One of the most notable and interesting aspects of violin and viola is shoulder placement. Virtuosos can be seen on some of the world's greatest stages playing with anything from no shoulder rest to spending hundreds of dollars on a Pirastro KorfkerRest. Hilary Hahn is becoming known for her “custom” shoulder rests where she sets the feet tall, cuts off the foam that comes on the shoulder rest, cuts her own thicker foam padding, colors it black with Sharpie, glues it on, and wraps it secure with black rubber wrapping. Anne-Sophie Mutter on the other hand can be seen on YouTube zipping up and down the Sibelius violin concerto in strapless gown with absolutely nothing on the underside of the violin.
What it comes entirely down to is the anatomy and technical needs of the violinist. On Saturday the 27th of October, I will be celebrating 9 months playing violin. My body elements I've become aware of include an exceptionally long neck, a very broad shoulder, and a flat incline from shoulder to chest. Many violinists have narrow shoulders and steep collar-bone area. For me, this is not the case.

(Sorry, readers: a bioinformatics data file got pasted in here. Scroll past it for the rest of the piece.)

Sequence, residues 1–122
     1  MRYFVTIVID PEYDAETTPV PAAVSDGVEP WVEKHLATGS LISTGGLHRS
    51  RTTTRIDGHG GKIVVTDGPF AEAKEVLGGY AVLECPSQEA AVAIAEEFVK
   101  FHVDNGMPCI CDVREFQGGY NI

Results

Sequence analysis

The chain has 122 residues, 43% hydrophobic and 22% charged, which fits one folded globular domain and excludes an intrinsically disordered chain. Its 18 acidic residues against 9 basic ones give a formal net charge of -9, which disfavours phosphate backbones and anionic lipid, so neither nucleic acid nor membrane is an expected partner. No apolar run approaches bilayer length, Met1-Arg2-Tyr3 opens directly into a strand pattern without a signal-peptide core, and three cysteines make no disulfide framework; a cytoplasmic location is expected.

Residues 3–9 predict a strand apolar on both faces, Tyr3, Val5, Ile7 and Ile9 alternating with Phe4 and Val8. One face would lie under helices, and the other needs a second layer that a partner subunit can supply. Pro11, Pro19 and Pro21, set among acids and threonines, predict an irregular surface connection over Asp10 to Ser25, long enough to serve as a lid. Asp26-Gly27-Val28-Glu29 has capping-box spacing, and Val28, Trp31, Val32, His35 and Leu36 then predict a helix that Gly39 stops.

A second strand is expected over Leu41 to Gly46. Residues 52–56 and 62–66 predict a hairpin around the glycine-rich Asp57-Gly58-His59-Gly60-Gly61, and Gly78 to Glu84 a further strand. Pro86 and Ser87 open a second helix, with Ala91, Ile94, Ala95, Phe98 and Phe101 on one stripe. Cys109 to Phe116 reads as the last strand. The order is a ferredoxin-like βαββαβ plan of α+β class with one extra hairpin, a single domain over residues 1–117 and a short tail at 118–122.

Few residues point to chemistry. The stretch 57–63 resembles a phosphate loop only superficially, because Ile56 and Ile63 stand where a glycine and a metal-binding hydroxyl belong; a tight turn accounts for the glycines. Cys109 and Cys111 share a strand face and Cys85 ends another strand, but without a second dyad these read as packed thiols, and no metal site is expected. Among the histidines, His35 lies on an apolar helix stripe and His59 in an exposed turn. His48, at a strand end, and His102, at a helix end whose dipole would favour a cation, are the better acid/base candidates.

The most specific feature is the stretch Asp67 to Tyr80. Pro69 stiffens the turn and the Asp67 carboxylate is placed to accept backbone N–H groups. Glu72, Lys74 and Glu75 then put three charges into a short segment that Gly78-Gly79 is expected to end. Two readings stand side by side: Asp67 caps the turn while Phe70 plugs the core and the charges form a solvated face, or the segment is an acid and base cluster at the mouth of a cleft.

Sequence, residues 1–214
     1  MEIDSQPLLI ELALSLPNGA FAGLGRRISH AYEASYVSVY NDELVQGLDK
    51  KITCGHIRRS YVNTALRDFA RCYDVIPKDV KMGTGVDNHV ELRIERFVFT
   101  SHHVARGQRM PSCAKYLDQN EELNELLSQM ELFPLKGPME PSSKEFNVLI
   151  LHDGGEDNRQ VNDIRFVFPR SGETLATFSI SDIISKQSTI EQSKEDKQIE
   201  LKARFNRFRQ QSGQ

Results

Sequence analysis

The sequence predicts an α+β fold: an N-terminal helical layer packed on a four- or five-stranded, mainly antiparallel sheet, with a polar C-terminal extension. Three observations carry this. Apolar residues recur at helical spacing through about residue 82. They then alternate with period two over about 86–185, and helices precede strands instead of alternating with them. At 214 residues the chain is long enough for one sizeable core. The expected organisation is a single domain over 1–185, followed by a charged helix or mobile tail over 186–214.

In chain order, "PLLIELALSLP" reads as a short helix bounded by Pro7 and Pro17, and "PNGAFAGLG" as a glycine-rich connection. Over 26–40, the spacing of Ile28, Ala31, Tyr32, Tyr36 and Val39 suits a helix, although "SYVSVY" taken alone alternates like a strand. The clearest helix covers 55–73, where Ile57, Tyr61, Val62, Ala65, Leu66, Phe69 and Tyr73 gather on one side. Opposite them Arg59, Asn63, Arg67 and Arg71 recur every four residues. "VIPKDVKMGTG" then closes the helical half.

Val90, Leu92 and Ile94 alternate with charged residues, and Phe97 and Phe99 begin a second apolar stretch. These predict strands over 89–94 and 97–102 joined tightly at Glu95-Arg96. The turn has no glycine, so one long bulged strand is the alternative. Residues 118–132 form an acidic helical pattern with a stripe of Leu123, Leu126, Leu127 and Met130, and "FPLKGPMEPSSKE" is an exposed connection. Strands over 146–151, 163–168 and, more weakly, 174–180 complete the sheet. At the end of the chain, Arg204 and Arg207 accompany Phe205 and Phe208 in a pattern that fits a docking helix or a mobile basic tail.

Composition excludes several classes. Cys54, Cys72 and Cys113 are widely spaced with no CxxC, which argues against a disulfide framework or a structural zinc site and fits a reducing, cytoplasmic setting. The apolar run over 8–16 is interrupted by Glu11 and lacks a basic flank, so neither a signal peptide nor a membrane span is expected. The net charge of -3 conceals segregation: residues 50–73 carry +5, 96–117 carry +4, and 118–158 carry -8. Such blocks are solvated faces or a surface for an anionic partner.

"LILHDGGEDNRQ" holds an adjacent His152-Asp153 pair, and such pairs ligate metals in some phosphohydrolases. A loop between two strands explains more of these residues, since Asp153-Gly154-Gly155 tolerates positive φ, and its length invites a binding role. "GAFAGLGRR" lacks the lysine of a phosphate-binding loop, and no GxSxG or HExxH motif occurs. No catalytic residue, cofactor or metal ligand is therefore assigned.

What this creates for me is a need for an extremely tall shoulder rest height on the shoulder (G string side) and a low height on the chest end, producing a height at the chin rest to naturally secure the violin with and a reasonably steep angle (virtually always displayed by professional soloists) to comfortably and seamlessly reach high on the lower strings and even upper strings. I am particularly fond of my shoulder rest itself, but the feet were only 0.75", when I easily needed an extra-long 1.25" foot on the G side. Amazon was happy to fit my needs! I used a screw cutter to trim the new foot for the E string side.
I can't wait to begin navigating my instrument far-more-easily with this customization as I close out 9th months of playing! - 4 months ago